I always wanted to teach as I’ve always believed that education is the cornerstone for a prosperous society. Much in the same way that eating healthy is for the human body. Being a fourth-generation restaurant owner, I had an excellent opportunity to view my industry from multiple angles; the independent, corporate, and generational operator. These perspectives provided me with insight and affirmation that the hospitality industry most definitely wasn’t created equally.
Most corporate managers were highly trained and highly focused on operating a restaurant, while the independent operators were stressed out, constantly on the verge of insolvency, and had very little ability to be proactive with their time. Given the same playing field, my thesis became that the independent operators would flourish over their corporate counterparts. The reason, they knew the pain of being broke – After all, it’s their cash.
RASI – A Journey in Patience
I had the idea. I wanted to create an end-to-end solution backed by a service of industry professionals. I wanted to bring a corporate discipline to independent restaurants, and I wanted a service that encouraged and relied on its clients to form a partnership with RASI, which required the client to take ownership and accountability over their business.
We weren’t just going to provide the bookkeeping, payroll, and accounting services. We had to close the gap between unit operations and the corporate office. We (RASI) also needed to promote trust and verification of the clients’ abilities against their results. The only way I saw to accomplish this task was to educate them to the highest standards possible.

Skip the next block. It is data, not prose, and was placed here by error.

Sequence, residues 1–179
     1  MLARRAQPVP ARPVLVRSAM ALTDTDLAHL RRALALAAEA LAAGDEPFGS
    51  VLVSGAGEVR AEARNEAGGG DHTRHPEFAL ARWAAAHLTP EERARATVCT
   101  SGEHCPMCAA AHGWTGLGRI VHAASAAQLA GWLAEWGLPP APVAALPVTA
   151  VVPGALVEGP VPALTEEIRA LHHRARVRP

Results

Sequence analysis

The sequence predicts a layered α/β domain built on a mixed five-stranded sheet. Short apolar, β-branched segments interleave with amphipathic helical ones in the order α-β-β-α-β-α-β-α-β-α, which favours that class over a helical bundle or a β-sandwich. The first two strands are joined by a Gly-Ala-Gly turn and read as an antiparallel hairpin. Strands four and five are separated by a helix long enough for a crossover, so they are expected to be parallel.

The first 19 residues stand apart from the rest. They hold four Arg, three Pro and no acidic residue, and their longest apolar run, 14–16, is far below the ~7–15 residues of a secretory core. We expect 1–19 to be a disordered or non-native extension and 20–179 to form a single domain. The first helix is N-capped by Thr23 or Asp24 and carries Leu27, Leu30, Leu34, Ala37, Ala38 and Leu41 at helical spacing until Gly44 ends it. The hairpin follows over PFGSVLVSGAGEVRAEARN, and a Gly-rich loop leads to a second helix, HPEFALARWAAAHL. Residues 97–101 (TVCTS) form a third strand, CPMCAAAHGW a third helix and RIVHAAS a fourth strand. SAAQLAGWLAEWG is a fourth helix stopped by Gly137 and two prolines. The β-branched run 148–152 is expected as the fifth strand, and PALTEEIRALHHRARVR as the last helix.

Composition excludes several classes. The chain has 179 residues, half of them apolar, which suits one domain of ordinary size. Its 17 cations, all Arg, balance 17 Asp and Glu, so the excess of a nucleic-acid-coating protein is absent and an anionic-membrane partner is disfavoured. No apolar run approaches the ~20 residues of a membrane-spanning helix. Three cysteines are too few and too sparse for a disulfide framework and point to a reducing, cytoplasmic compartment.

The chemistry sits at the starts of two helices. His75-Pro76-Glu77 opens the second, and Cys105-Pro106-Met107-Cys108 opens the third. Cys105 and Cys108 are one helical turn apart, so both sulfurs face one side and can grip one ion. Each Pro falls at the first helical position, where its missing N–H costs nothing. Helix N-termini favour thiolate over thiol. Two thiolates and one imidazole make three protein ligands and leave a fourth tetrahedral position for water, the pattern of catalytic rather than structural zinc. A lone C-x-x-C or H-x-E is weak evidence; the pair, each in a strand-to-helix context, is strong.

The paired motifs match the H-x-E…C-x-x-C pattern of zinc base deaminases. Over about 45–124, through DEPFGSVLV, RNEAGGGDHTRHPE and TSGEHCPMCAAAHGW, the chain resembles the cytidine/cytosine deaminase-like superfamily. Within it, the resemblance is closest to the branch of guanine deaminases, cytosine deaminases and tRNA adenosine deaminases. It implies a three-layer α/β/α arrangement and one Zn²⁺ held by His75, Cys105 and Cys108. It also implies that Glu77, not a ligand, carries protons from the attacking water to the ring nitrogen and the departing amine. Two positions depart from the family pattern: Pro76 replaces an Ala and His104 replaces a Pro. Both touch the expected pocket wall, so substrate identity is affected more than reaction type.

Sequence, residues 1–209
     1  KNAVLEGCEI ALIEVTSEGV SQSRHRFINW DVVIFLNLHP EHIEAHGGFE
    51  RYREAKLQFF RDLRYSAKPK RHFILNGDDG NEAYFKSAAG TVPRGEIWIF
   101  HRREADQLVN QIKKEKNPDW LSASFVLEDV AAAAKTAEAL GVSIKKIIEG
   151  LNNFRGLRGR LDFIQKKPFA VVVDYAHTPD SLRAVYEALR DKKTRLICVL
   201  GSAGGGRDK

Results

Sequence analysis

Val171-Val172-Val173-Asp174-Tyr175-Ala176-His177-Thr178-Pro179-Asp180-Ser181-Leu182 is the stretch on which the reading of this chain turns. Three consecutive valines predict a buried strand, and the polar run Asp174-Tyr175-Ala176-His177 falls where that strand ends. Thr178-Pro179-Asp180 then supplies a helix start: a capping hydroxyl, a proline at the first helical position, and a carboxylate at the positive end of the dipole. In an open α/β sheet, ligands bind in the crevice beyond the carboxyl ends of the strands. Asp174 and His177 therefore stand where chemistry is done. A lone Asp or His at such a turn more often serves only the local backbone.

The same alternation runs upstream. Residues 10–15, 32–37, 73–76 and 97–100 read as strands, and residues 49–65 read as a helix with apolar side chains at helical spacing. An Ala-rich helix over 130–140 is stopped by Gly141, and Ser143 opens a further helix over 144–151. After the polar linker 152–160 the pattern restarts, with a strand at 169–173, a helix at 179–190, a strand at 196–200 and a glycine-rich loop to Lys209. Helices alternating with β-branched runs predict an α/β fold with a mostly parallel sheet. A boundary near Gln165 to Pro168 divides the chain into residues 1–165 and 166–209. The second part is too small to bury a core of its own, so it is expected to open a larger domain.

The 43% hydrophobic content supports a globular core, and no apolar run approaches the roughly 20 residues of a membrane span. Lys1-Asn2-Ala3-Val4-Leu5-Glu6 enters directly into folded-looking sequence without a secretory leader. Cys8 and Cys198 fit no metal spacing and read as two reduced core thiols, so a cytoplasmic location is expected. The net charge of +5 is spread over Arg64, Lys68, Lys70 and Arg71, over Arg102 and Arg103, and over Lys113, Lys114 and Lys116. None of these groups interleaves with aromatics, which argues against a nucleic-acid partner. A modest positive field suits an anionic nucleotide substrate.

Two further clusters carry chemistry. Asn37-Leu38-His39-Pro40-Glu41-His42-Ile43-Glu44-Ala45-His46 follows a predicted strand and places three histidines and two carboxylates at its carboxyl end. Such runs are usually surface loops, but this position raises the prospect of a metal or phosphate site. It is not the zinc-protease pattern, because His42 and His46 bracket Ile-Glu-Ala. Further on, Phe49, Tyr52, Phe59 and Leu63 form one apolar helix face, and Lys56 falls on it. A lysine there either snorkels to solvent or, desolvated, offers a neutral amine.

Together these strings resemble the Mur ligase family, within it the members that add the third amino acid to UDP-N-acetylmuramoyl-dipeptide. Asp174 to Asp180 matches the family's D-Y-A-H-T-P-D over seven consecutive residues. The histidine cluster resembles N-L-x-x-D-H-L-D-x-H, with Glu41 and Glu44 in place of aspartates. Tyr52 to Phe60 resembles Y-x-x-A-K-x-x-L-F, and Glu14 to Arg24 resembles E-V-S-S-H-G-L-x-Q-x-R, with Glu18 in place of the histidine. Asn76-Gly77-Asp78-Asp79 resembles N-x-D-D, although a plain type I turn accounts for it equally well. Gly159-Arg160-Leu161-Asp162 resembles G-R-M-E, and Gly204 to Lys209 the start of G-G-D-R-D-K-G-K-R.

In August of 2000, I was fortunate enough to meet my business partners through an introduction from a mutual client. They had created an accounting and payroll platform specifically designed for the hospitality industry. Ironically, they had no restaurant experience. We met, and I pitched them a management system concept (known now as an ERP solution). It focused on the significant operational management tasks occurring between the POS and the IRS.
As I said above, the results would speak for themselves if I could provide a level playing field for colleagues who understood the value of cash flow while we focused on their operational education (the WHY factor). They did and continue to do to this very day: RASI clients are ten times more likely to succeed within the first year, unbranded restaurants. Additionally, RASI clients experience, on average, a 14% increase in their EBITDA in their first year on RASI.